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31 Years After Black Monday, the Fed Still Plays a Supporting Role in the Market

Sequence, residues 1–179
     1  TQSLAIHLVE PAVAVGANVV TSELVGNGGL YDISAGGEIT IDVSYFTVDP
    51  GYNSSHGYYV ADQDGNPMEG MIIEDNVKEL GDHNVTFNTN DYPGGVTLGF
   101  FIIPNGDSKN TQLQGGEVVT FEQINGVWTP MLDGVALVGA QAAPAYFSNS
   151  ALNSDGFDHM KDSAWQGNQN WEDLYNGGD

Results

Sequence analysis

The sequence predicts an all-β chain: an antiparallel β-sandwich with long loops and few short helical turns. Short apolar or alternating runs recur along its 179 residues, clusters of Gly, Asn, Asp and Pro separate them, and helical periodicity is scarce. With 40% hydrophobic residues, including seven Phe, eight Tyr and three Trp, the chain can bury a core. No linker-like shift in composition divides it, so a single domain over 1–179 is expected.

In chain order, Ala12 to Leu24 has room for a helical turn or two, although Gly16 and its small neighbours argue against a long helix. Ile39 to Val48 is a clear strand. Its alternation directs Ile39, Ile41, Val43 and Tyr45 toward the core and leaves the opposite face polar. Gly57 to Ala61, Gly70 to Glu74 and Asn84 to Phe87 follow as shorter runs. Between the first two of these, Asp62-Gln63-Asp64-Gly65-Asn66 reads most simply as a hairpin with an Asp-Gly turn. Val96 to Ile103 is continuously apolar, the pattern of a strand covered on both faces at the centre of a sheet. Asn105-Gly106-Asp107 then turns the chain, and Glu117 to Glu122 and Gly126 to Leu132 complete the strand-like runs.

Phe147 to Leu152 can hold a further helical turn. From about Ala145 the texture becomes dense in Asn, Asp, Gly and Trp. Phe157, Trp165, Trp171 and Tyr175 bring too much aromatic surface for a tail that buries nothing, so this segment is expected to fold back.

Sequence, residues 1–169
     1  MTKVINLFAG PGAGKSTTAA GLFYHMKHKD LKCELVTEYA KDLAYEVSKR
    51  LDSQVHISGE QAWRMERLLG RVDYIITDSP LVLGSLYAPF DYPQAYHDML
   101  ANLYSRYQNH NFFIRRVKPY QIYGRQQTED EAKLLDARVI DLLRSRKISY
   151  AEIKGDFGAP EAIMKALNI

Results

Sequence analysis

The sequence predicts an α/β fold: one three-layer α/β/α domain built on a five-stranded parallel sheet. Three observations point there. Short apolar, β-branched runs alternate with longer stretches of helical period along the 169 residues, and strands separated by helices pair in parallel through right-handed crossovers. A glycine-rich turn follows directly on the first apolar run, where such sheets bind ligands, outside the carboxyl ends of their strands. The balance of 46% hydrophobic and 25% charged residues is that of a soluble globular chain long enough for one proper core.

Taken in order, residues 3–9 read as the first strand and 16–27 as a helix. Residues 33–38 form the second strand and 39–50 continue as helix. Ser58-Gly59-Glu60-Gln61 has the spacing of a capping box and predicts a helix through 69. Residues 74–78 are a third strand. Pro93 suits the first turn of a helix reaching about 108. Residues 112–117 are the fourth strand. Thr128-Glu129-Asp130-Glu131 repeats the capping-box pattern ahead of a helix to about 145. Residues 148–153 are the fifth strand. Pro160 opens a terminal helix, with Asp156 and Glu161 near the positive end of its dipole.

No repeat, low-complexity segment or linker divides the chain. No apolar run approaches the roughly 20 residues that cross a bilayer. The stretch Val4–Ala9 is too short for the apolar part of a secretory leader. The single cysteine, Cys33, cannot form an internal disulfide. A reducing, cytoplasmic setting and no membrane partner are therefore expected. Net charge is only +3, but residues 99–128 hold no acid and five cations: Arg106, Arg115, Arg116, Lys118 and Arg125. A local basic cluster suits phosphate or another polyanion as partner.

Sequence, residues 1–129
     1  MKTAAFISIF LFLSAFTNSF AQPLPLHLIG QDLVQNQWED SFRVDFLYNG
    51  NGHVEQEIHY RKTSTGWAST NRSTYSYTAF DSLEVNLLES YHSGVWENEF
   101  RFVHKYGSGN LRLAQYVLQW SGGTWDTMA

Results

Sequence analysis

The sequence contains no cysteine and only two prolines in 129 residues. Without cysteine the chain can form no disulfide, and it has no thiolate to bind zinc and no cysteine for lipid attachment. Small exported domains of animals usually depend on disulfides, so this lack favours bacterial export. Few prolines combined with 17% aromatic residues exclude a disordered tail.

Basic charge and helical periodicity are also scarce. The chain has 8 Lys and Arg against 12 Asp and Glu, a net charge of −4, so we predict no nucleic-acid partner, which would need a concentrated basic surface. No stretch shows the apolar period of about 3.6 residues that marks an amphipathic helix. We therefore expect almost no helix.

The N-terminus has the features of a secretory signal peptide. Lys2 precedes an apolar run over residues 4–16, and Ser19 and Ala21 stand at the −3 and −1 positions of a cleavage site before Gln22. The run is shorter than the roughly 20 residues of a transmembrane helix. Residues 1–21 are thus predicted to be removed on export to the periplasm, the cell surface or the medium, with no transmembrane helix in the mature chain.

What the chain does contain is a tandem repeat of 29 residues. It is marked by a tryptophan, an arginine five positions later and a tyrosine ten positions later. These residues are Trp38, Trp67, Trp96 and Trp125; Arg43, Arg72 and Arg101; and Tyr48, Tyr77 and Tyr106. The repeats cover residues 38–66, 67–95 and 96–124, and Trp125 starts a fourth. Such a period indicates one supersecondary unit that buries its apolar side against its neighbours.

At the end of a tumultuous week, few investors took note that Friday was the 31st anniversary of Black Monday—Oct, 19, 1987. The Dow popped up 548 points on Tuesday, but that amounted to less than a tenth of the percentage change of Black Monday. Black Monday’s significance, more than being the single worst day for stocks in U.S. history, is that it established what became known as “the Greenspan put.” To counter the feared economic impact of a stock-market meltdown, the Fed under then-Chairman Alan Greenspan cut interest rates, stoking a huge bond rally, which led to a recovery in equities.